A large complex chart, for the uniformed that is
When I first came to Japan, and before I bought an IC card, calculating the correct train fare seemed like the start of a JLPT- even with the romanji. But it’s a lot easier than it looks.
We’ll start small with the Iga-tetsudo line:
The Iga-tetsudo line like the Yokkaiichi lines are a small service with few stops, so finding the train fare is very simple. Want to get from Iga Kanbe to Uenoshi? That’s ¥370 one way for an adult or ¥190 for a child? Want a return or to go to more than one stop? Buy an all-day ticket (一日フリー乗車券) for ¥740- the same price as a return and the ticket machines are in multiple languages as well!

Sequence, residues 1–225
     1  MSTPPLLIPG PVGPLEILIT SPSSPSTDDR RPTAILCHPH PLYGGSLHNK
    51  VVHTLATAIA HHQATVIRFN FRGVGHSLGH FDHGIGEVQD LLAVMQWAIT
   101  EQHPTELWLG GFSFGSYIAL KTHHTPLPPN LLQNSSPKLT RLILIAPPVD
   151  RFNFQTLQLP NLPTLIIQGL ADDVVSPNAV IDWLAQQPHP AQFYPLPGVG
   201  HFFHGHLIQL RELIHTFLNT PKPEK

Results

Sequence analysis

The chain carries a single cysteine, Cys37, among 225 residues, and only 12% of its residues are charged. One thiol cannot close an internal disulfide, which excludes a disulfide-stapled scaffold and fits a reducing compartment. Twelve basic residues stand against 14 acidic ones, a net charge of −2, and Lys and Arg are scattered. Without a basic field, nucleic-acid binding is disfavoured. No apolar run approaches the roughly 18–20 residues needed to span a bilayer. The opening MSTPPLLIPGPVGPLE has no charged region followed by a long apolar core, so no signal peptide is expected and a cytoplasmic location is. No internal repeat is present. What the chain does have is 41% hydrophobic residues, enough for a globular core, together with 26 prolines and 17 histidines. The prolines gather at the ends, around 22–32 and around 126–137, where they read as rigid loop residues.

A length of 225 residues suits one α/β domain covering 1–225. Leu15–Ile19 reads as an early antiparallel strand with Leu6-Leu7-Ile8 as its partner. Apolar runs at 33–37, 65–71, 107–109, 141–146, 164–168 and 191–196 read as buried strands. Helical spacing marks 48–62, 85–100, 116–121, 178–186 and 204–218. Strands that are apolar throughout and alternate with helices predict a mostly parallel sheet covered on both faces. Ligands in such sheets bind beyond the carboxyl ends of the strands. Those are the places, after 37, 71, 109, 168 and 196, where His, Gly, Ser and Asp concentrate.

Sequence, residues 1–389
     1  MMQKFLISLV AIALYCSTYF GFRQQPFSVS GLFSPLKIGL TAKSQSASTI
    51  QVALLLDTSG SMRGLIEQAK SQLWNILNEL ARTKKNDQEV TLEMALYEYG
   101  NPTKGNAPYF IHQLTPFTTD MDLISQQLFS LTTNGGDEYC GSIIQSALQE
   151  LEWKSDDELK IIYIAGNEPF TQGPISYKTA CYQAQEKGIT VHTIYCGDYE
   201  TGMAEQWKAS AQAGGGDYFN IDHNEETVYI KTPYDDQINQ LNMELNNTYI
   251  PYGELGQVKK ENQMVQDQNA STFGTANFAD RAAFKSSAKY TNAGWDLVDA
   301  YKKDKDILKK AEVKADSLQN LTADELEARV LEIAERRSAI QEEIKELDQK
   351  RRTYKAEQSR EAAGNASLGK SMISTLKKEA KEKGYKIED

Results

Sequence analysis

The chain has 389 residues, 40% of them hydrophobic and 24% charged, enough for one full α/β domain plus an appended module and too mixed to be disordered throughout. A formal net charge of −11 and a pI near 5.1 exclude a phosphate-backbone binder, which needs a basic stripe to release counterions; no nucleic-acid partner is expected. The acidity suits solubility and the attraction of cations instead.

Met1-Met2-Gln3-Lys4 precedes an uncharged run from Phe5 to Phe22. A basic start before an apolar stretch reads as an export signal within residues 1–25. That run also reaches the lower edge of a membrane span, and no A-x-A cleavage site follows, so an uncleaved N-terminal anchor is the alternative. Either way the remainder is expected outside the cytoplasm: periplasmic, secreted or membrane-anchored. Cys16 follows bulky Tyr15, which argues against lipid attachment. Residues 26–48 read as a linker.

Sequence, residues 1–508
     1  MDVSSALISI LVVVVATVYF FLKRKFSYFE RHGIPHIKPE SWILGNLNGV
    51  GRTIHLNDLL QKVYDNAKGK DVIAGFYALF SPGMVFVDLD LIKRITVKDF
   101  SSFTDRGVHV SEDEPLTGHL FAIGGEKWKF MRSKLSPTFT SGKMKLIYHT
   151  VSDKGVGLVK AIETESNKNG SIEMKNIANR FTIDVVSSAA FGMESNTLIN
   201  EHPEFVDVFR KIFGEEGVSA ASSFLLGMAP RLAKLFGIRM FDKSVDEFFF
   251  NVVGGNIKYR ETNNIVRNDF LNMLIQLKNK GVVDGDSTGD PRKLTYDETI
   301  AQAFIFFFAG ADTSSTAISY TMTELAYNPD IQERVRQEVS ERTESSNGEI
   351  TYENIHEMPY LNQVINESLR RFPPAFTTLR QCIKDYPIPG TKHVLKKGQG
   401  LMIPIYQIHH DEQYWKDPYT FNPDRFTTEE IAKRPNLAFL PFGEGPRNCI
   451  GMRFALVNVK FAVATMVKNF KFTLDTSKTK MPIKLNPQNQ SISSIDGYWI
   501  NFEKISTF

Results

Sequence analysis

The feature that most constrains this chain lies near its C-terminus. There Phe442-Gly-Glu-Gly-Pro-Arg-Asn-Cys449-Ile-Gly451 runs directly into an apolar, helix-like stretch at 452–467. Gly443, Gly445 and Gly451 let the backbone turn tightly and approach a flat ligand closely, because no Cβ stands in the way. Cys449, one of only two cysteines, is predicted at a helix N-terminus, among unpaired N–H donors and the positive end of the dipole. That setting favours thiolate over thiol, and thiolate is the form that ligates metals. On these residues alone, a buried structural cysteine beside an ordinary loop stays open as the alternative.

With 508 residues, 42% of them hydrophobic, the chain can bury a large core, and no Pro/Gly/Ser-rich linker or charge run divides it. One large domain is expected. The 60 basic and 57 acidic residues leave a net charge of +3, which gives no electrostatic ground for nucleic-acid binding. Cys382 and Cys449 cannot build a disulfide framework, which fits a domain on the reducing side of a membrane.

Now for something more complex, the kintetsu line:
The kintetsu is a very large network and the fare map highlights this. Want some advice? Know where you’re going! It sounds basic enough but you have to be aware of train station names that sound the same (nishi Aoyama, and higashi Aoyama are a good example).
Another reason to be careful is if you are not using an IC card, and get the price wrong, you have to waste time at a fare adjustment machine before you may exit a station.
My advice for travelling in Japan is to use an app such as Japan Transit planner, which tells you the fare, train time and fastest journey.
Alternatively buy an IC card, it automatically deducts the train fare from the card and some link with your bank account, so you don’t have to worry about how much is left.
Thank you for reading and happy exploring